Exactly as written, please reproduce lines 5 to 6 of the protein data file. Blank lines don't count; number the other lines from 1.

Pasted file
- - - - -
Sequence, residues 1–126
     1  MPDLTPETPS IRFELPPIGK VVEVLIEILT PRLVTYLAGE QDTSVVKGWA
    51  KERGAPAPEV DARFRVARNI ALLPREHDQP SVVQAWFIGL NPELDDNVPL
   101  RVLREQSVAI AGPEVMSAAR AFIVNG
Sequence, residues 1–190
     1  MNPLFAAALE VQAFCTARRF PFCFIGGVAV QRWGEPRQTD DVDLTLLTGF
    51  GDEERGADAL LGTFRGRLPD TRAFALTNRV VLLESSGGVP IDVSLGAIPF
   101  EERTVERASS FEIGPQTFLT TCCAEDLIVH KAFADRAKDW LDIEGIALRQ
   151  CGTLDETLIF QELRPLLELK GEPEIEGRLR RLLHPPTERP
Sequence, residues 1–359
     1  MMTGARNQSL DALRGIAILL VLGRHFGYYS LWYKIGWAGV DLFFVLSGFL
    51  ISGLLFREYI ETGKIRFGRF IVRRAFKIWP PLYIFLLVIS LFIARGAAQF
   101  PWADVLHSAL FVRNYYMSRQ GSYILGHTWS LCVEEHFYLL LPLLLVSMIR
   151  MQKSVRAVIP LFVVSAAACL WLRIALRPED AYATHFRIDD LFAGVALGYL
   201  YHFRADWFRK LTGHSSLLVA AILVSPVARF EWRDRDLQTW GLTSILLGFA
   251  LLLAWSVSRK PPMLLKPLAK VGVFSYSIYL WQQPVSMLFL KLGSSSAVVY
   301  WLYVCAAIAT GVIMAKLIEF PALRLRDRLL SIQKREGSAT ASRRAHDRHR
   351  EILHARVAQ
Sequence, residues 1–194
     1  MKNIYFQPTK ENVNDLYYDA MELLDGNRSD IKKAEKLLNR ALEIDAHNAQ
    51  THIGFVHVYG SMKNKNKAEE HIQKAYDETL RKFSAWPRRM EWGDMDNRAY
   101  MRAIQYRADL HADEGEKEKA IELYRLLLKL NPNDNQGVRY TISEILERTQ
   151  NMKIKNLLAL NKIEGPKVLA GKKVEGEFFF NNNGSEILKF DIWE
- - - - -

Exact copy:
Sequence, residues 1–190
     1  MNPLFAAALE VQAFCTARRF PFCFIGGVAV QRWGEPRQTD DVDLTLLTGF